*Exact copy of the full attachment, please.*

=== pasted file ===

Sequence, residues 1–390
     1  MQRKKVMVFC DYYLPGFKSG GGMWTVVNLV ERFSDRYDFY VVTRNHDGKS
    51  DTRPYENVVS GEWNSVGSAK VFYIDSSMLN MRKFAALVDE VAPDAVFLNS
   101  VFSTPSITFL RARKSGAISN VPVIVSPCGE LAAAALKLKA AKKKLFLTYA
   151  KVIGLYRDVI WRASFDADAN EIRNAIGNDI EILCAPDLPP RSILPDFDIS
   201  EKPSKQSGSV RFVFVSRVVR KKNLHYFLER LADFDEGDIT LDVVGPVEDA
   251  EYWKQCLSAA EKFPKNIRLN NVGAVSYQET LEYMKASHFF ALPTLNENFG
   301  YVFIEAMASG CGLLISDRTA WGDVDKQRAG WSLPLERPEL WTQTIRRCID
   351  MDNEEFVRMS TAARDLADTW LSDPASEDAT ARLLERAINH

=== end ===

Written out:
Sequence, residues 1–390
     1  MQRKKVMVFC DYYLPGFKSG GGMWTVVNLV ERFSDRYDFY VVTRNHDGKS
    51  DTRPYENVVS GEWNSVGSAK VFYIDSSMLN MRKFAALVDE VAPDAVFLNS
   101  VFSTPSITFL RARKSGAISN VPVIVSPCGE LAAAALKLKA AKKKLFLTYA
   151  KVIGLYRDVI WRASFDADAN EIRNAIGNDI EILCAPDLPP RSILPDFDIS
   201  EKPSKQSGSV RFVFVSRVVR KKNLHYFLER LADFDEGDIT LDVVGPVEDA
   251  EYWKQCLSAA EKFPKNIRLN NVGAVSYQET LEYMKASHFF ALPTLNENFG
   301  YVFIEAMASG CGLLISDRTA WGDVDKQRAG WSLPLERPEL WTQTIRRCID
   351  MDNEEFVRMS TAARDLADTW LSDPASEDAT ARLLERAINH